by Crystal Gottfried
Thousands of water recreation enthusiasts are expected to crowd into every available cabin, room, campsite, park, and RV spot at Canyon Lake and along the Guadalupe River for the long Labor Day holiday weekend.
Despite news reports about the long-standing drought, and lower than usual water levels on the lake and river, people are still flocking to the water, which makes area restaurants, businesses, lodgers, and outfitters looking forward to this four-day weekend that is a traditional summer-wind-up for tubers, boaters and campers from all over.
As of Monday, Aug. 28, the water level in Canyon Lake was at 903.17; just about 6 feet lower than the normal elevation of 909 feet, mean sea level.
According to U.S. Corps of Engineers Park Ranger Judy Scott, outflow to the Guadalupe river and evaporation worked together during this hot, dry weather to drop the lake level. The lack of rainfall and high temperatures means that a few more tree stumps are poking up out of the lake water nearer the shore line, but the deeper areas are still cool and teeming with fish.
The Corps’ park rangers are monitoring their parks with swimming areas because the lower water levels mean that the nice sandy beaches that were created for swimmers are now well away from the water. But Scott said that isn’t stopping people from coming to play in the water.
“It’s not dangerous, but we now have possible drop-offs close to shore that weren’t there before,” said Scott. “People just have to pay more attention now.”
The water release rate on the Guadalupe River was set at 55 cubic feet per second. Tubers who continue to visit the area during the drought say that even though the river is slower-moving, the water is cool and refreshing, and they’re “still having lots of fun.”
Debbie Drum, owner of Drums’ Lakeview Resort – Lodge & Cabins near Cranes Mill Park, said that her prevalent thought for this Labor Day Weekend was, “Oh, how I wish Texana-Land were completed and open!”
Texana-Land is part of a major renovation and expansion of the Drum’s entire resort into a water fun park that was started last year. It became apparent midway through the Lodge project that it was going to have huge overruns in time and costs, so they pulled back on the Texana-Land project temporarily to supplement the Lodge completion schedule. Now the Lodge is finally finished, reopened and booked up for the Labor Day Weekend.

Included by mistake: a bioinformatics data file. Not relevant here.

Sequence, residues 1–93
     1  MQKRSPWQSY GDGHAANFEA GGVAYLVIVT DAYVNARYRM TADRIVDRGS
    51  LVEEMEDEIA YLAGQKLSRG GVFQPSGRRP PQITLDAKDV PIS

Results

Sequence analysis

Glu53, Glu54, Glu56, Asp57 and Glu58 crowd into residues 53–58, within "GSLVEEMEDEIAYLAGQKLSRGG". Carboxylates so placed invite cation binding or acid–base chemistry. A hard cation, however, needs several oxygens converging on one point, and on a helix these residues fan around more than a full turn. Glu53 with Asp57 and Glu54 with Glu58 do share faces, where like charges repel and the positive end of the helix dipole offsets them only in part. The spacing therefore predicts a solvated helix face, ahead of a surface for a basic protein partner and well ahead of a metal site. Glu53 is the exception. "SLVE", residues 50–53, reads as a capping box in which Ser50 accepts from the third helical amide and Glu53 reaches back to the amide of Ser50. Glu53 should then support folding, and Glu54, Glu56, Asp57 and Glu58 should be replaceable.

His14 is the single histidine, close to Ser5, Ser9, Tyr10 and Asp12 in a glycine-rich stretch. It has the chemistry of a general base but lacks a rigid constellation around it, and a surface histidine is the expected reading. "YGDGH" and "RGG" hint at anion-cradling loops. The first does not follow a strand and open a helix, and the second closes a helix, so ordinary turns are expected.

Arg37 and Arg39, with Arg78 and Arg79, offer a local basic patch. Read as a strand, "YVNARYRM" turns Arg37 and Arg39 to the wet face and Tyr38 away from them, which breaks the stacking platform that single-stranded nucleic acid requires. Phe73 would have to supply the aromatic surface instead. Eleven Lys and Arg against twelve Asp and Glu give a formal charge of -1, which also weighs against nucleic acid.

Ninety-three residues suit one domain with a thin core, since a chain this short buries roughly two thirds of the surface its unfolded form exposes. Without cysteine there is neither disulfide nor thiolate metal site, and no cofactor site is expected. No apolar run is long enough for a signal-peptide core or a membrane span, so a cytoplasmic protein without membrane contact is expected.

Amanda, at The Hideout on the Horseshoe, said that their new cabin facility located on FM 2673 along the Guadalupe River is completely booked for the Labor Day holiday weekend as well.
“We are featuring live music with the Mike Skinner, The Handsomes and Wideawake playing for our guests every evening, Saturday through Monday,” she said. “Our guests can enjoy the music, get their tubes and float from WhiteWater Sports and have a great time at the river the whole weekend.”
Also while floating lazily down the Guadalupe River, you might catch Denton businessman Al Greer, also known as the “Hot Dog Man,” and his wife, Ellen, as they hand out grilled hotdogs to folks as they pass by the Rainbow Campgrounds.
The Greers have come to camp along the banks of the Guadalupe River on River Road for years. They say that on a regular long holiday weekend, thousands of people will float by their spot.
About four years ago, the Greers brought hundreds of hot dogs, buns, brisket and ribs with them, and began a tradition of cooking and feeding the tubers as they floated by.